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UBC Theses and Dissertations

Pender House: a conversion and addition to an existing building, a student residence, in Downtown Vancouver Vrignon, Jacques Andre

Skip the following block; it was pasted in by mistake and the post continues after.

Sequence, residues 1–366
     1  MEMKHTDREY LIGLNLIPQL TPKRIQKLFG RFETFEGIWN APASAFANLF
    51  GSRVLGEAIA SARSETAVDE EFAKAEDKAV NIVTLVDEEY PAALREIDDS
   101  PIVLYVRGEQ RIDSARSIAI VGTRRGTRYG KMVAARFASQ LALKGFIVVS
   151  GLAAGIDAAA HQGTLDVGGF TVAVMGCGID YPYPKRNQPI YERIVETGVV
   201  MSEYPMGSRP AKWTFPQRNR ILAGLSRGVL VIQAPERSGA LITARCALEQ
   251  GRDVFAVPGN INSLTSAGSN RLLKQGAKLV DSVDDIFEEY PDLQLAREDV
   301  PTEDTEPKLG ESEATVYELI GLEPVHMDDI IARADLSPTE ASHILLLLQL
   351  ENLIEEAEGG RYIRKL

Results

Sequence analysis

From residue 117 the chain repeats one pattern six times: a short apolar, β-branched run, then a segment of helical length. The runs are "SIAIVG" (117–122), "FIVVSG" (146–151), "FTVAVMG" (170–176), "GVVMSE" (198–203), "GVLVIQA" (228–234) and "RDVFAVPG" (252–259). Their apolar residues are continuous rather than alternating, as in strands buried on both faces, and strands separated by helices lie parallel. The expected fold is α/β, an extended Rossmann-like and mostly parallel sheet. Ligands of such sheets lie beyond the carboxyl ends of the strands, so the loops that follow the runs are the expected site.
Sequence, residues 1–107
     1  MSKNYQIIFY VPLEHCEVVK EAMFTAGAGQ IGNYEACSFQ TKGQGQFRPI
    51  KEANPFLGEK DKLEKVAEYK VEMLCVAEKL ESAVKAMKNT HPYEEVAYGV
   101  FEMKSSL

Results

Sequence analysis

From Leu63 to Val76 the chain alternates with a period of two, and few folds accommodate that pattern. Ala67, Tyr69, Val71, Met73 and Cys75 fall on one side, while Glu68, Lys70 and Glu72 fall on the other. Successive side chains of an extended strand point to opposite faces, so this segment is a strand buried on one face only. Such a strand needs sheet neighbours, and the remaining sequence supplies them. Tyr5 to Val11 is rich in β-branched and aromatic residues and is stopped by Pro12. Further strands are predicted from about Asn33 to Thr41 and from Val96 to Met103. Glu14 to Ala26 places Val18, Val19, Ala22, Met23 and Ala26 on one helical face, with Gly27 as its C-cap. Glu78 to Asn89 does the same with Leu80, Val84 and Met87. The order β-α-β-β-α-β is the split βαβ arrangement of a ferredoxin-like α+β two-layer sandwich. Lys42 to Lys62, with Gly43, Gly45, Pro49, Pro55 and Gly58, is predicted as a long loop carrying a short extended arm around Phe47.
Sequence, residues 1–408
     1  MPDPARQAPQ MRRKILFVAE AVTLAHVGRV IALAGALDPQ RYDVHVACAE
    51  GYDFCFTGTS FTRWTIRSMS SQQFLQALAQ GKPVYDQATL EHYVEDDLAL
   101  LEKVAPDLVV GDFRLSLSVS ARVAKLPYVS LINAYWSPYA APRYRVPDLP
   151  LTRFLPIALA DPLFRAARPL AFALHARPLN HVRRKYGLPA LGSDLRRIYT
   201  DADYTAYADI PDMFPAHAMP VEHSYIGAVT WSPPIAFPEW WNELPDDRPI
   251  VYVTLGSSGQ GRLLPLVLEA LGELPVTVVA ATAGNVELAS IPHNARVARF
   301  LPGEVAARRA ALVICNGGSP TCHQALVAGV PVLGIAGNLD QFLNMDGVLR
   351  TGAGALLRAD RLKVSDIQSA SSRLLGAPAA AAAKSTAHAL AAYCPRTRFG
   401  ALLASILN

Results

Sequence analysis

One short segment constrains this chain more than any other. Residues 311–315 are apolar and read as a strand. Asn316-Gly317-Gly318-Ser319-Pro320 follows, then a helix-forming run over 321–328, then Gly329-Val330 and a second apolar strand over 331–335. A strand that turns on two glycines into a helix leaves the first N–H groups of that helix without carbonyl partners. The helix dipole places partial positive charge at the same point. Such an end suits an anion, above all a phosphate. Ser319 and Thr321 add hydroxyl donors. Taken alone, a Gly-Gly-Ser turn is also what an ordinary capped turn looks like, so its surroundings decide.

In the pursuit of originality, some interventions consciously stand in opposition to the existing. The approach I've taken is more holistic; rather than pursue the novelty of the moment, I've taken the stance that creativity in art and architecture is part of a continuum. With that in mind, I've attempted in this project to make this evolution apparent by bridging the existing to the new without reverting to historical mimicking. My design is not a heritage preservation project. I wanted to take what exists, re-think it, and build upon it. My proposal is for a downtown student residence for both individuals and families. It would take advantage of new developments in the area such as the new S.F.U. conference center, the new B.C.IT. complex, and other institutions already in place such as the S.F.U. at Harbor Center, and the Vancouver Community College. This student residence would be an inter-university residence, accepting students from all of these educational institutions as well as U.B.C. and Emily Carr. Its aim would be to establish greater social and academic links between the city's post-secondary educational institutes. This project feeds on what has already started to happen in the area and can re-introduce a residential population to the city core, generating new life and new activity which in turn will contribute significantly to the wealth of the urban fabric. In short, one can imagine the formation of a lively downtown university quarter. My proposed residence would be one seed sown in this larger vision. Besides feeling that I felt the project should be a dense urban scheme, it appeared imperative to me that my design foster a real sense of belonging, permitting the development of a small community within a community. In addition to public commercial space, the new program demanded realms of privacy, and more importantly a core, or center, around which a community could begin to form. From this organizational idea of a core the design started to take shape. The existing building opened up in the rear toward a court. A lane intersected it providing access and making it a space that could be both place and pathway for activity. The program turned towards this space marking it as the center, and animating it with the activity of daily life. The existing urban aesthetic informed my design language. Urban context is characterized by wall as a dominant element, tall vertical spaces, steel stairs and railing, hanging wires, and a strong demarcation between front, sides and rear accentuated by a change of brick at the corners. All these elements were to some degree absorbed, assimilated and reinterpreted in the work. The relationship of 'part to whole' became an important part of the process. Likewise, terminology in how I started to speak and think about the project. Words like old vs. new stopped being used as they aggravate the dichotomy between the parts. An effort was made not to mimic the existing building which would have produce a neo-historic building, this was not my goal. An effort was made not to objectify the existing building, rendering it a precious object. Nor did I deliberately attempt to contrast it, this would be counter-productive to the concept of the whole. Contrast aggravates the gap between then and now, disavowing integration and synthesis. My approach was rather one of complementing and complicity. Complicity is an interesting concept because it implies that two or more parties or parts come together toward a common goal, It also implies a dialogue. This is very different from contrast, for example, that is unidirectional. A dialogue receives and gives, and both parts form and are informed.

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